Languages in danger of extinction

By Sarah Pastor
October 18, 2007

Approximately 3,500 indigenous languages around the world have been proclaimed endangered to the point of extinction within the next few decades, a recent study led by nationally recognized linguistics suggests. ?

The report findings were so severe that researchers estimate the death of at least one minority language every two weeks.

The areas most affected by the annihilation of their regions’ native languages include Northern Australia, Central South America, the northern pacific coastal regions of North America, eastern Siberia and some southwestern portions of the United States such as Okalahoma, Texas and New Mexico.

A major factor in language extinction lies in the lack of written text and documentation of many languages’ history and culture.

In some cases there are less than five remaining speakers of a language, and as these last carriers of the dialect die off, so too does the language they have grown up with and used to communicate.

The most severe area of language extinction lies in Australia, where all of the 231 native tongues spoken are considered to be endangered. The Magati Ke, for example, is a language rich in Aborigine culture and tradition in Australia’s Northern Territory. Only three living speakers still carry on the traditions and dialects associated their native language, giving Magati Ke a slim hope for recovery.

South America’s 113 endangered languages, the majority of which are situated in the country’s central regions, are dying off due to the overwhelming growth of Spanish and Portuguese in the area.

Being able to communicate with one another is a crucial need for humans, and when an individual is limited to just a few close relations who share the same native language, they have no choice but to modify their speaking techniques to accommodate the dialect of the rest of the country.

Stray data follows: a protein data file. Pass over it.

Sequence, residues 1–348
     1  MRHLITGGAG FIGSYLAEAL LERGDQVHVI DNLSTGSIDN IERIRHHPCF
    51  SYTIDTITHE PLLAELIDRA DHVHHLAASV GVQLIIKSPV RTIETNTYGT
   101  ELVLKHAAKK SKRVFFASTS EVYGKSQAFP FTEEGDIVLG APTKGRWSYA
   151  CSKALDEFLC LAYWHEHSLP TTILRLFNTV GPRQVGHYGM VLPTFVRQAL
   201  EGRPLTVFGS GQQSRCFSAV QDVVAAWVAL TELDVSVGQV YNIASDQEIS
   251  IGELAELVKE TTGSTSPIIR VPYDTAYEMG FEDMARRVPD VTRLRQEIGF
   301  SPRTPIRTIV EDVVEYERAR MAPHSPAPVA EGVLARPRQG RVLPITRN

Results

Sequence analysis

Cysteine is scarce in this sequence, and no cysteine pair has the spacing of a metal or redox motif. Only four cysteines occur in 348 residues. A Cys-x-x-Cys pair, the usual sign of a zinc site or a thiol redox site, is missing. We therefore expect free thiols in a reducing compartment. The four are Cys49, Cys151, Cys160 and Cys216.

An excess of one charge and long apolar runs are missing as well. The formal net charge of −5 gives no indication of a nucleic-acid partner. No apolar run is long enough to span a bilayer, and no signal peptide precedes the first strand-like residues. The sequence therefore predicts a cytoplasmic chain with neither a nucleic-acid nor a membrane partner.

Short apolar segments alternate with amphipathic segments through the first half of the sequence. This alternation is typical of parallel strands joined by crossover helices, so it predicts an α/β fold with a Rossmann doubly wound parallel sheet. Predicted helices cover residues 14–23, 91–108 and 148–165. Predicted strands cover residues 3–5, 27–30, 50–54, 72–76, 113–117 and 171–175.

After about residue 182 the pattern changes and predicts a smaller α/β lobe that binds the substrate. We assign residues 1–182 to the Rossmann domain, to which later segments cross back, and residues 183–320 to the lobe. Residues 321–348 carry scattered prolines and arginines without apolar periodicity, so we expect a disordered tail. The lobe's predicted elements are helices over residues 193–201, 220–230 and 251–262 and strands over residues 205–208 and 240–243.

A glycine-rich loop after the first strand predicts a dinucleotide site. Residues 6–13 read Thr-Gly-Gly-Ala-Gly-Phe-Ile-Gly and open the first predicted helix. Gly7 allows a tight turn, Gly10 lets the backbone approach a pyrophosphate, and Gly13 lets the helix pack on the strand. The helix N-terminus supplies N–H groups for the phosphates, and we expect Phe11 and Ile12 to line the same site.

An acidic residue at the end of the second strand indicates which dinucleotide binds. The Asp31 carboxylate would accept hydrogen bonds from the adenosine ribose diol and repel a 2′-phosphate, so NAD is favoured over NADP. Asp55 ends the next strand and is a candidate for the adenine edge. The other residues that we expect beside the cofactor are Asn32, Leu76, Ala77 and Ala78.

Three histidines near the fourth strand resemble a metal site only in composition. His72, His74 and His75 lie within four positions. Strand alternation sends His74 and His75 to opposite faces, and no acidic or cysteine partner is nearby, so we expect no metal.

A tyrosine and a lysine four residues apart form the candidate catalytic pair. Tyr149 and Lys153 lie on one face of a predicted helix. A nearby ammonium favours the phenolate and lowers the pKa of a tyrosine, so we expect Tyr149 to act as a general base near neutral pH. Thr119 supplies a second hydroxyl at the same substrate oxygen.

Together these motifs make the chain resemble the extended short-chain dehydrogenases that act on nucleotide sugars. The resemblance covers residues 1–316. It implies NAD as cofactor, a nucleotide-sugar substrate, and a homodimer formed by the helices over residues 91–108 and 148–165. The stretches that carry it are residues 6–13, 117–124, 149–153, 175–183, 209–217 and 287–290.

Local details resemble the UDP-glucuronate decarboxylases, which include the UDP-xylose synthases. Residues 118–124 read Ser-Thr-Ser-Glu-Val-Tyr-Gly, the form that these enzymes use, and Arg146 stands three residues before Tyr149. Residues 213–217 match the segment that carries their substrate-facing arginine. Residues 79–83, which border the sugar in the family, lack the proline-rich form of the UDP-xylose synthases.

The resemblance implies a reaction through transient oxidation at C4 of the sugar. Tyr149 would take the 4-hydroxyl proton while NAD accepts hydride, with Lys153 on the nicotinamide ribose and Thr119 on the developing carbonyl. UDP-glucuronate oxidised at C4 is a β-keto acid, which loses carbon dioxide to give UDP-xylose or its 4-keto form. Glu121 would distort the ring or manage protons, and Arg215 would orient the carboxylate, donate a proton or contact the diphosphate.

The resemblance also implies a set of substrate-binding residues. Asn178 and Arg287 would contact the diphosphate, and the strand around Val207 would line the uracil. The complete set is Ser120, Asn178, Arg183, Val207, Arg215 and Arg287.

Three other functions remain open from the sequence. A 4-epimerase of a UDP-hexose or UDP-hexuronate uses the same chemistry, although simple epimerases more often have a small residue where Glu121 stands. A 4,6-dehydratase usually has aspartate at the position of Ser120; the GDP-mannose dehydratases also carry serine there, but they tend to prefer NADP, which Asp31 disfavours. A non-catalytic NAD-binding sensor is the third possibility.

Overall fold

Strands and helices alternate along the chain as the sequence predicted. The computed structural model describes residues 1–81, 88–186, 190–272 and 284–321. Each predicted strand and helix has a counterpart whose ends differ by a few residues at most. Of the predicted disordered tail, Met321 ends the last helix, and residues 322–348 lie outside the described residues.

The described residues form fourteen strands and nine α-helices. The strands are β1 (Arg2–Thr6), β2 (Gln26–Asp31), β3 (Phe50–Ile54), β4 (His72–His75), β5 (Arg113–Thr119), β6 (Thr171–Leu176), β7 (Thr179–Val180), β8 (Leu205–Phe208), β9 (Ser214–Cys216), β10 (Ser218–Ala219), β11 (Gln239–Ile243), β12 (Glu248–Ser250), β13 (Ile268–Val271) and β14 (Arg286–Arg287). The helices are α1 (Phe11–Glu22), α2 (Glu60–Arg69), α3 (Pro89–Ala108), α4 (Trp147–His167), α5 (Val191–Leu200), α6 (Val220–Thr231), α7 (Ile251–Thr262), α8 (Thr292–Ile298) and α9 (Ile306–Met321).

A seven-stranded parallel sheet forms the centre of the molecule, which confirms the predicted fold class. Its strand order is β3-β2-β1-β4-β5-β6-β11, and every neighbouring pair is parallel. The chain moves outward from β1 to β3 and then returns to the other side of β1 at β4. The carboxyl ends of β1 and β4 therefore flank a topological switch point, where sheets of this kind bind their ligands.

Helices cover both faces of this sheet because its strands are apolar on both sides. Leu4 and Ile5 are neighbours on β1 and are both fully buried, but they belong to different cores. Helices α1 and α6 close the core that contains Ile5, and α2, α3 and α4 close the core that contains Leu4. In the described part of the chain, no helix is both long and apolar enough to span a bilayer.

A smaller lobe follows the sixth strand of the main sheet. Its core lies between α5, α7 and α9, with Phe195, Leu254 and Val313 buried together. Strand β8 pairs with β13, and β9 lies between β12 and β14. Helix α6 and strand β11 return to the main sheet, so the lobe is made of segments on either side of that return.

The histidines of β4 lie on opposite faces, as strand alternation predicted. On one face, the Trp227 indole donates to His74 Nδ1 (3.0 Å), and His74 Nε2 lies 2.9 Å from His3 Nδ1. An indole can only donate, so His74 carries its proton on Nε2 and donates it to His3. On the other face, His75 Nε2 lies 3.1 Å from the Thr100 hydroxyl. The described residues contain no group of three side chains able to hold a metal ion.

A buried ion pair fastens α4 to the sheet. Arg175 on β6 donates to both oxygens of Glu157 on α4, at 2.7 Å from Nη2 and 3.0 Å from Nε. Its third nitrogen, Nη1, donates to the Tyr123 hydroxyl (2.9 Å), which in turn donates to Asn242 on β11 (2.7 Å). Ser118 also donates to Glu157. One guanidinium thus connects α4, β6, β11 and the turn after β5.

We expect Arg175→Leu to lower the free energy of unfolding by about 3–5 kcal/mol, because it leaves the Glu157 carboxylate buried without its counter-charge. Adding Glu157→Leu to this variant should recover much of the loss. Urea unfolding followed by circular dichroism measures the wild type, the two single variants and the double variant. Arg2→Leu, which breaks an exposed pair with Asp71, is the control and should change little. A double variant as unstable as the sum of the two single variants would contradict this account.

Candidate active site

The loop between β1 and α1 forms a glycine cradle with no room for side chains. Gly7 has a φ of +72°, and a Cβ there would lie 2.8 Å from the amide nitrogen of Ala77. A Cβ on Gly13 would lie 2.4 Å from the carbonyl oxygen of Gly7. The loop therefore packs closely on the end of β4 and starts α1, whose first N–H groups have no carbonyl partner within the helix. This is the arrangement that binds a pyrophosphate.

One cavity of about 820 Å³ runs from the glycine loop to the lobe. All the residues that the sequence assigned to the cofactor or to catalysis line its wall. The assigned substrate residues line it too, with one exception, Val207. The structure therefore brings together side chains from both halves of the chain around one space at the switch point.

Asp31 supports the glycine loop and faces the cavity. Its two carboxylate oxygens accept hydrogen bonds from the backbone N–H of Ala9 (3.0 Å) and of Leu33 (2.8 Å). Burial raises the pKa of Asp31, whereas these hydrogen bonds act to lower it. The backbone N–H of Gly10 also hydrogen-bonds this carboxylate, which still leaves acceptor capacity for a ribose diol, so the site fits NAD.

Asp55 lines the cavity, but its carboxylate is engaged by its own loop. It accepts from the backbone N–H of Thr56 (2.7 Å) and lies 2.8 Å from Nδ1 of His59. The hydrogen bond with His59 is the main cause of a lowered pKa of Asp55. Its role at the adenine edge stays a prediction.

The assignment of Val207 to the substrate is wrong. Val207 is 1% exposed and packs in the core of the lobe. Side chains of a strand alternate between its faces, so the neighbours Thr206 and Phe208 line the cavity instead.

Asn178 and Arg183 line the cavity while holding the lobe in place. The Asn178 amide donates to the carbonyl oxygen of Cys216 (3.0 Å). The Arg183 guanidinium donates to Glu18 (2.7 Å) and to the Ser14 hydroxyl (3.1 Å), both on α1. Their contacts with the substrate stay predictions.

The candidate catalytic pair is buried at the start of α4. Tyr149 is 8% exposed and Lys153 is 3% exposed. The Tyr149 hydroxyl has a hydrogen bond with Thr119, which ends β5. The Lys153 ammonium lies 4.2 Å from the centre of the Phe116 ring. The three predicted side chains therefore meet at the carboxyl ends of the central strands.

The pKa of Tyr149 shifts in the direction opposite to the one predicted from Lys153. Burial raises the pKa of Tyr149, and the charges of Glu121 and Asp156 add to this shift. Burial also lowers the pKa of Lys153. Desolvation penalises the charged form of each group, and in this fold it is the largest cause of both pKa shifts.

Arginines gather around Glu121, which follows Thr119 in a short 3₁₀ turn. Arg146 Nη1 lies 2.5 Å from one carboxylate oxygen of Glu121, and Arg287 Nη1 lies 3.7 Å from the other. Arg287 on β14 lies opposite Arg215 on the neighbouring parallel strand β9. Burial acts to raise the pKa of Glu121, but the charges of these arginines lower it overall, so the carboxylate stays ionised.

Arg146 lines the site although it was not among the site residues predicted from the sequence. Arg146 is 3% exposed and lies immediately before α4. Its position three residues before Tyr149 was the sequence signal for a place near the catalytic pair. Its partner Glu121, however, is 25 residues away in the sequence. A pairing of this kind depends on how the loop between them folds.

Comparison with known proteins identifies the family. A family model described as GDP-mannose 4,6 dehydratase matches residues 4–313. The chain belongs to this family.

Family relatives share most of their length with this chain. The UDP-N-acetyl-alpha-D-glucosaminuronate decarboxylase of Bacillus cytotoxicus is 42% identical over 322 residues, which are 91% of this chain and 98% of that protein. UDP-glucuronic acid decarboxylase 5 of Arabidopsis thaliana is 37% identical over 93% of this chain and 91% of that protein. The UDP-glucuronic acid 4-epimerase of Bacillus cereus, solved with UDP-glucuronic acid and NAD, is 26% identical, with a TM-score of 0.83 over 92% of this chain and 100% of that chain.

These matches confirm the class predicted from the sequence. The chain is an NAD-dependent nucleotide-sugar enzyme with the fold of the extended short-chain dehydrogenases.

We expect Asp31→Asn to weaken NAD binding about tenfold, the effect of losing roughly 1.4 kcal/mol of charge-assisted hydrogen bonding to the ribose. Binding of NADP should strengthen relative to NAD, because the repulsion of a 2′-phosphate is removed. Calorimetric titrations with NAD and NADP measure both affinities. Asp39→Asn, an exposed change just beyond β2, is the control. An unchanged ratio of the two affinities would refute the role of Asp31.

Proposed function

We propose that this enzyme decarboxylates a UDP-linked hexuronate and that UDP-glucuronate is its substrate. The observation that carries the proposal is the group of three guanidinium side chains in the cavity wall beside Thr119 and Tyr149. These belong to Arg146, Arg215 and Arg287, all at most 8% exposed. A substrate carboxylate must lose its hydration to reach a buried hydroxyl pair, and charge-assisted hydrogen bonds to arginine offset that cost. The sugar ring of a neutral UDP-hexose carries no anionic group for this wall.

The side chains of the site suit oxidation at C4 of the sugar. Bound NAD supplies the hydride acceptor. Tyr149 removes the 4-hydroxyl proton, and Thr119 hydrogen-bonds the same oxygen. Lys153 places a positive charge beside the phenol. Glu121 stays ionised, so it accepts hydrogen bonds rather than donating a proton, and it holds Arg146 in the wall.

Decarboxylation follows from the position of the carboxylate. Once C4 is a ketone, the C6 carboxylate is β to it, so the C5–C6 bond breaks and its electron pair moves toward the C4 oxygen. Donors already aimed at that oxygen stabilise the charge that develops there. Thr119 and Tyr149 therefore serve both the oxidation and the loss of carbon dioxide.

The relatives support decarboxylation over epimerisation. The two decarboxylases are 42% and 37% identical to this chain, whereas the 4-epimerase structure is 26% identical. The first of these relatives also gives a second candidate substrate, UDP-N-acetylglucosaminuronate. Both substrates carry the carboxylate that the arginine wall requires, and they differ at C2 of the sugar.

The Northern Costal Regions of North America are fighting a losing battle to sustain the area’s 54 native languages. As in South America, the vast dominance of English, America’s native language, has all but taken over the general culture in these regions, including Washington, Oregon and the Canadian province of British Columbia.

Citizens of these areas are not literally forced to change their dialects, but in reality they have no choice but to greatly alter their language in order to stay up to date with the United States and the rest of the world.

The local languages in places like Russia and Eastern Siberia are required by the country’s communistic government to use only the nationally recognized languages of Russian and Sakha.

This indisposed situation is also present in the Southwestern United States, where the 40 languages frequently spoke by native Indian tribes in the region are basically either forced to change their ways of communicating or relocate to a predetermined reservation with limited resources and an altered quality of life.

While efforts are presently being made to recognize this unethical situation and modify it to accommodate all languages and cultures, the constantly growing world of business and technology makes it nearly impossible to integrate another 3,500 sparsely spoken languages into everyday life.

Over 80 percent of the world is familiar with the approximately 83 “global” languages represented on an international level. With the loss of another minority language every two weeks, the future of a diversified communication forum appears bleak indeed.

Sarah Pastor

Scroll to Top
Share via
Copy link
Powered by Social Snap